The goal of this activity is to enhance sensory stimulation and social discussion. It is great for dementia patients or those who are vision impaired.
What you need
Start by passing round the flowers to each participant. Encourage them to hold and smell each flower.
Tell them some info for each flower, eg. origin, uses, etc. Encourage them to discuss their own gardens, favorite colors, flowers etc.
When you are finished arrange the flowers in a vase and leave them on display.
This tutorial shows you how to make a rin using polymer clay
What you need
Ring base â€“ I like adjustable bases. (These can be found in craft & jewelry supply stores and online)
Jewelry glue or clear â€œsuperâ€ type glue
Polymer clay â€“ any brand â€“ 3 colors of your choice & translucent (Premo is recommended for translucent)
Clay knife or plastic knife
Shaped cutters â€“ various sizes â€“ I used a flower
Acrylic roller or dowel
Sand paper or nail file
Clay dedicated pasta machine (optional)
Work surface â€“ ceramic tile, file folder or wax paper
This polymer clay project shows you how to hand make a ring that looks like resin.
Condition each color of clay until soft and pliable by rolling and squeezing in your hands. Test to see if it cracks when you bend it – that means it needs more conditioning!
You will need half of one 2oz block of translucent clay for each color & about a dime sized portion of the other colored clays. Blend thoroughly. A pasta machine will speed up the process.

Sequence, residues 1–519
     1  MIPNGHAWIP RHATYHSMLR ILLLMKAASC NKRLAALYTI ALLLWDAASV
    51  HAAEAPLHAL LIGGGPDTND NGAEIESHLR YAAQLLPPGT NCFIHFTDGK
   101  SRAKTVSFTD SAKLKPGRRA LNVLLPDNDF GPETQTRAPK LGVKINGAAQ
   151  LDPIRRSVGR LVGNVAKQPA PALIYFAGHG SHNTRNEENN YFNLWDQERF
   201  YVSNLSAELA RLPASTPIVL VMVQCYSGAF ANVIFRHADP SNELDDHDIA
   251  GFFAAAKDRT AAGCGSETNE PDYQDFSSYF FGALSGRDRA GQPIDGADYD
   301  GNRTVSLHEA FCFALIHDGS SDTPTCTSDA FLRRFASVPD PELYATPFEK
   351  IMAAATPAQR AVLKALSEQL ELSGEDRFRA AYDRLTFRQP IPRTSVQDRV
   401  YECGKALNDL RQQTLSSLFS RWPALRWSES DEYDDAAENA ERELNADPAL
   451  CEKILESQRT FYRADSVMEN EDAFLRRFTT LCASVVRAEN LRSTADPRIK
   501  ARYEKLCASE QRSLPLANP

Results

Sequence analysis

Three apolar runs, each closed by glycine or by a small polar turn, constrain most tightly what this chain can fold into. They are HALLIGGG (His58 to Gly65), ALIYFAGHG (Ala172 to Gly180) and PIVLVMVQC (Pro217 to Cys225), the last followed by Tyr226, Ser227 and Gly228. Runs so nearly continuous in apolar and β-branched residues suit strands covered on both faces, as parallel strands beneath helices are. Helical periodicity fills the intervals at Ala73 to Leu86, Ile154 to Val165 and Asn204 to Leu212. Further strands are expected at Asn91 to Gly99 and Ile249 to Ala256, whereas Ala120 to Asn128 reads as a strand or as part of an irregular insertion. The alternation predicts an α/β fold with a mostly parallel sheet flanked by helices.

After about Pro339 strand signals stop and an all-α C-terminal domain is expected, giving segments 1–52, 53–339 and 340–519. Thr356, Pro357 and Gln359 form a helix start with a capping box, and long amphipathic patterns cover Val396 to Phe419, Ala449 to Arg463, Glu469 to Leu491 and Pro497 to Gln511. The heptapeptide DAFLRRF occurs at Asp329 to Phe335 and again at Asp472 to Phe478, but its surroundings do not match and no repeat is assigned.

Roll out an even sheet of each color (I used double thickness for the bottom layer to add strength). A pasta machine on the thickest setting works great!
Use your cutters to cut out various shapes and sizes for each color.
Gently bend or curl the edges to add dimension to each layer, if you like. You can also pull and stretch the clay.
Place a small drop of liquid clay in the center before stacking the next layer on top. Turn each piece to give interest and dimension. Repeat in between each layer. I did 3 of the same, larger size and 1 smaller one for the center
Roll tiny balls of clay for the center of the flower or other accents and press into place. You won’t need liquid clay if you press firmly.
Add any texture and details you may want with a toothpick or pin.
Bake according to the manufacturer’s directions.
Glaze if desired. I use varathane – found in most hardware stores. For small projects, use the clay manufacturer’s glaze. The bottles are smaller & more affordable!
Sand or scratch up the bottom of the clay piece before adhering it to the base. Especially if you glazed it, this will help ensure a secure attachment.
Enjoy your new jewelry for yourself or give them as a colorful gift!
***SAVE those pieces you trimmed off and roll them together to make swirly accent beads!
***Dark colored clay, like red, blue, etc. can leave some pigment on your hands. To help keep lighter colors from turning pink, etc. handle most of the light clay first. You can also use baby wipes to clean your hands and tools (alcohol is a solvent for the clay) or wear latex gloves & switch in between colors.
***Once you use cookie cutters, pasta machine, etc for clay, it is recommended to no longer use it for food. Shop around for inexpensive cutters at your local craft store.